Commentary in the press characterized the TPP as a part of a wider strategy to contain China:
- Li Hongmei, editor of the People’s Daily Online, wrote that “the U.S. intends to play a dominant role in the to-be Trans-Pacific architecture by handpicking its members and systemizing and regulating them in political and military spheres in accordance with its own standards so as to turn out a comprehensively economic and political alliance under the U.S. leadership.”
- In addition to similar criticisms, a Global Times editorial pointed out that “any Asian cooperation with the absence of Beijing will not have much heft. China never lacks channels for conducting cooperation with its regional counterparts.”
Academic opinions leaned toward a “wait-and-see” attitude:
- Wang Yuzhu of the Institute of Asia-Pacific Studies at Chinese Academy of Social Sciences said, “Economic regionalism is China’s most pragmatic choice, because the international architecture is changing rapidly. China has to recalibrate its relations with the rest of the world.”
- According to Lu Jianren, deputy director of the APEC Study Center at the Chinese Academy of Social Sciences, “How the TPP negotiations will progress is still a matter of great uncertainty. What can be certain is it will be strategically detrimental to the old ASEAN Plus Three coalition, which has long been lagging behind in forming a free-trade zone that can allow a level of economic unity in the region.”
As Russia gears up to host the 2012 APEC summit in Vladivostock, commentary on U.S. re-engagement in Asia was introspective, questioning Russia’s own unique orientation as both a European and Asian state. (more…)Continue Reading →
Since Yoshihiko Noda took office as Prime Minister of Japan two months ago, there appears to be some possibility that the United States and Japan will be able to make progress on the stalled issue of relocating the U.S. Marine Corps Futenma Air Station in Okinawa prefecture. However, even cautious optimism should be tempered by the reality of domestic politics in Japan and a thorough consideration of Japan’s overall strategic thinking.
Noda has made specific gestures expressing an intent to honor the U.S.-Japan agreement to relocate the Futenma base from densely populated Ginowan to the Henoko district of Nago City in northeastern Okinawa, where a new on-shore facility would be built. To win political support from Okinawans, he announced in late September that his government would remove the conditions currently attached to development subsidies to the prefecture. In October, he told visiting U.S. Defense Secretary Leon Panetta that the government would submit an environmental impact assessment report to Okinawa prefecture by the end of this year, which would formally start a legal process whereby the Okinawa government is required to respond within 90 days. From Washington’s perspective, these moves may indicate some long-awaited momentum on the Futenma issue.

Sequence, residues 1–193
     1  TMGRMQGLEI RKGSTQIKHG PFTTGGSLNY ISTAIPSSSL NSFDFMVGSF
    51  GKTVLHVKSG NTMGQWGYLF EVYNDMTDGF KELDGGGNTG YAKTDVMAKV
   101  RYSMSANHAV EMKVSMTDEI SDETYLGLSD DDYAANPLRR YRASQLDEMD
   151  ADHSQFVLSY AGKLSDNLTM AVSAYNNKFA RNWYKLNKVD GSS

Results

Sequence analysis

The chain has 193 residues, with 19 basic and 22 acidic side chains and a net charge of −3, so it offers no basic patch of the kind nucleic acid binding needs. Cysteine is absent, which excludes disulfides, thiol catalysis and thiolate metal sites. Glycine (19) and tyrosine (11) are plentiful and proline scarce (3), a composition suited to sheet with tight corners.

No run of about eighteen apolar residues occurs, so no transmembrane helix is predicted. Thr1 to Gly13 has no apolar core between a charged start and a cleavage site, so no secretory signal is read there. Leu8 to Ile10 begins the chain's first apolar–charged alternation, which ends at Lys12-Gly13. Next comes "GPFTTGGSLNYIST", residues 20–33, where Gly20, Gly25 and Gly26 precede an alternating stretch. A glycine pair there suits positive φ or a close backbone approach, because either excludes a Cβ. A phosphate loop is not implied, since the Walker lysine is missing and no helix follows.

Opposition and skepticism in Japanese domestic politics
However, the official message coming from Tokyo stands in stark contrast to the local opposition in Okinawa, which has grown stronger and more vocal over the years. Just days after Panetta’s visit, Okinawa Governor Hirokazu Nakaima told Noda that the Futenma relocation within the prefecture was “virtually impossible.” In a recent speech delivered at The George Washington University, Nakaima stressed the intolerable impact of Futenma on the daily lives of Okinawans, and compared it to having a military base in the middle of New York City on 36th Street. Added to this is the sense of unfairness of having to bear the lion’s share of U.S. military presence in Japan: Okinawa comprises only 0.6% of Japan’s national land mass, but hosts 74% of American facilities in Japan.
While there is nothing new about local opposition to U.S. military basing in Okinawa, observers note that it has dramatically strengthened in the past few years that the Democratic Party of Japan has been in government. (more…)Continue Reading →
Economic integration in Asia has progressed further and enjoys broader support than political integration. Whether economic integration requires political integration in order to survive, and the nature of the relationship between interdependence and conflict, remain open questions. That is the case in general as well as in the particular case of key contemporary rising powers: China and India. These questions will play an important role in understanding the prospects for conflict or cooperation in Asia. This Policy Commentary outlines the general debate on these questions and applies it to China and to India.
The Interdependence Debate
The main argument linking economic integration and peace is as follows. Increasing trade and international investment facilitates economic efficiency by allowing for economies of scale, and for countries to take advantage of the benefits of specialization and exchange. Once international economic links are established, governments do not want to interrupt them and suffer an economic loss. They consequently pursue stable and peaceful relations with their trading partners.
The counterargument is that economic integration can increase the likelihood of conflict in two principal ways. First, integration can lead to trade disputes. For example, trade imbalances can lead to complaints by the country that is experiencing a trade deficit. Inflows of foreign investment can lead to concerns about excessive influence by foreigners. (more…)Continue Reading →